THE DARK MATTER
The Buchmann Galerie is pleased to present a new series of paintings by the British artist Clare Woods (b. 1972) titled The Dark Matter.
This work is the result of a complex creative process that often uses photographs as sketches, focusing on rural and abandoned parts of land lying somewhere between urbanized cities and deserted country areas. Clare Woods often uses a flash gun while shooting her night sketches. The overexposure then helps defamiliarize the reality of the photography. Then comes the drawing step, in which Clare Woods draws her pen around the image, selecting interesting details and creating thus a black-and white pattern. This leads to the third stage, which has the spontaneity of the painting, open to accidents or hazardous blobs and streaks.
The aluminum support reinforces the metallic and yet smooth tone of the lucent colors. It is the contrast between those highly artificial colors and the subject chosen — nature — giving the images their supernatural and threatening look.
Nature appears unfamiliar in Clare Woods’s works, sometimes even uncanny. This conception has to be seen from the perspective of the British romantic landscape tradition (by John Constable for instance) as in the modernist one (by Paul Nash or Jean Fautrier, whose Large Tragic Head, 1942, might have inspired Woods’s The Unreturning, 2012).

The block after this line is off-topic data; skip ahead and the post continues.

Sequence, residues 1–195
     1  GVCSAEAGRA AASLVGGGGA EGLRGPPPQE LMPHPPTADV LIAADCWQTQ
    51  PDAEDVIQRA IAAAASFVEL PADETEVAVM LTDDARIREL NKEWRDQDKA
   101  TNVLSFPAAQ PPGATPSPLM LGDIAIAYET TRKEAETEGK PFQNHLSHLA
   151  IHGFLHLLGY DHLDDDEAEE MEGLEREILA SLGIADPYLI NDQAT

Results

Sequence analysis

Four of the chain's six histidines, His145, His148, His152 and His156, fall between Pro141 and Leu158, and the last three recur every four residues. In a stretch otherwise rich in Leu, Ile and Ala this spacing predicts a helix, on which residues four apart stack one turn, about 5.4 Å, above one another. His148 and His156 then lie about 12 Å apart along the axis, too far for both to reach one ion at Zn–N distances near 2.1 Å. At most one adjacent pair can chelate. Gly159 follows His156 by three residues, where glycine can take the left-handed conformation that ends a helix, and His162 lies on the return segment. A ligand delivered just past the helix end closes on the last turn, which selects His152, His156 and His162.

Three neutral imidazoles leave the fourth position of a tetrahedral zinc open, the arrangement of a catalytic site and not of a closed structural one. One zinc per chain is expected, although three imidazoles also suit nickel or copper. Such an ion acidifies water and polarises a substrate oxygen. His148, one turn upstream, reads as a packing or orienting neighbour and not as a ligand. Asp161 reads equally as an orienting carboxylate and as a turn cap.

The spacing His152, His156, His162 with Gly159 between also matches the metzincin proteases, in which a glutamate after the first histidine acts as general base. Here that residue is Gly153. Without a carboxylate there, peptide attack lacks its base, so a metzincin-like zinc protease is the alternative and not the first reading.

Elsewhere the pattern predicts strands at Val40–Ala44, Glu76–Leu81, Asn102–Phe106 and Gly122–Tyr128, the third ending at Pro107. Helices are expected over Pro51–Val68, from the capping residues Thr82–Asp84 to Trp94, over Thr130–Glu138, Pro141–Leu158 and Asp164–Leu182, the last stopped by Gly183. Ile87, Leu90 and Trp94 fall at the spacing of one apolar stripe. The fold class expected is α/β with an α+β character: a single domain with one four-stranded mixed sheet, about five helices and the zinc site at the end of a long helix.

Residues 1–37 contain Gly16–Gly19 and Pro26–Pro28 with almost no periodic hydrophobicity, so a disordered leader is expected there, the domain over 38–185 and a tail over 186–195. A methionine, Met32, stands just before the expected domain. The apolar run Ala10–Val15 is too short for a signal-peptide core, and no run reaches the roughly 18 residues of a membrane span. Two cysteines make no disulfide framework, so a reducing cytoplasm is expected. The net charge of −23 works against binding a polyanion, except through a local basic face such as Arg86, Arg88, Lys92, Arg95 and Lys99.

This long tradition questions the relationship between urbanism and countryside and later on—in a postindustrial society—the bond between human technique and nature. However, unlike in academic landscapes, there is no horizon line to be seen in Woods’s pictures. They surround and absorb our perception; they overwhelm the intellect in order to let the affect speak.
When considering the interest of Clare Woods for English modernism (especially poetry and art), we might consider the importance of the title’s power to evoke: Dark matter is imperceptible matter hypothesized by physicists to account for much of the mass of the universe. It’s something related to chaos and darkness and describes quite well Clare Woods’s idea of representation in art: energetic forces running across the canvas, oscillating between abstraction and figuration.
Taken together, her titles create an ominous semantic web that magnificently echoes T. S. Eliot’s most famous poem, The Waste Land, as a tribute to the master of modernism: “What are the roots that clutch, what branches grow / Out of this stony rubbish? Son of man / You cannot say, or guess, for you know only / A heap of broken images, where the sun beats, / And the dead tree gives no shelter, the cricket no relief, / And the dry stone no sound of water.”
Clare Woods recently had solo shows at the Hepworth Wakefield and the Southampton City Art Gallery.
She has created a large-scale work integrated into the façades of a utilities building in the south of
the Olympic Park in London, which will be highly visible in legacy.
Her work is amongst others in the public collection of the Margulies Collection, Miami, the British
Council, London, the National Collection of Wales, the Arken Museum of Modern Art, Copenhagen and the Albright-Knox Art Gallery, Buffalo.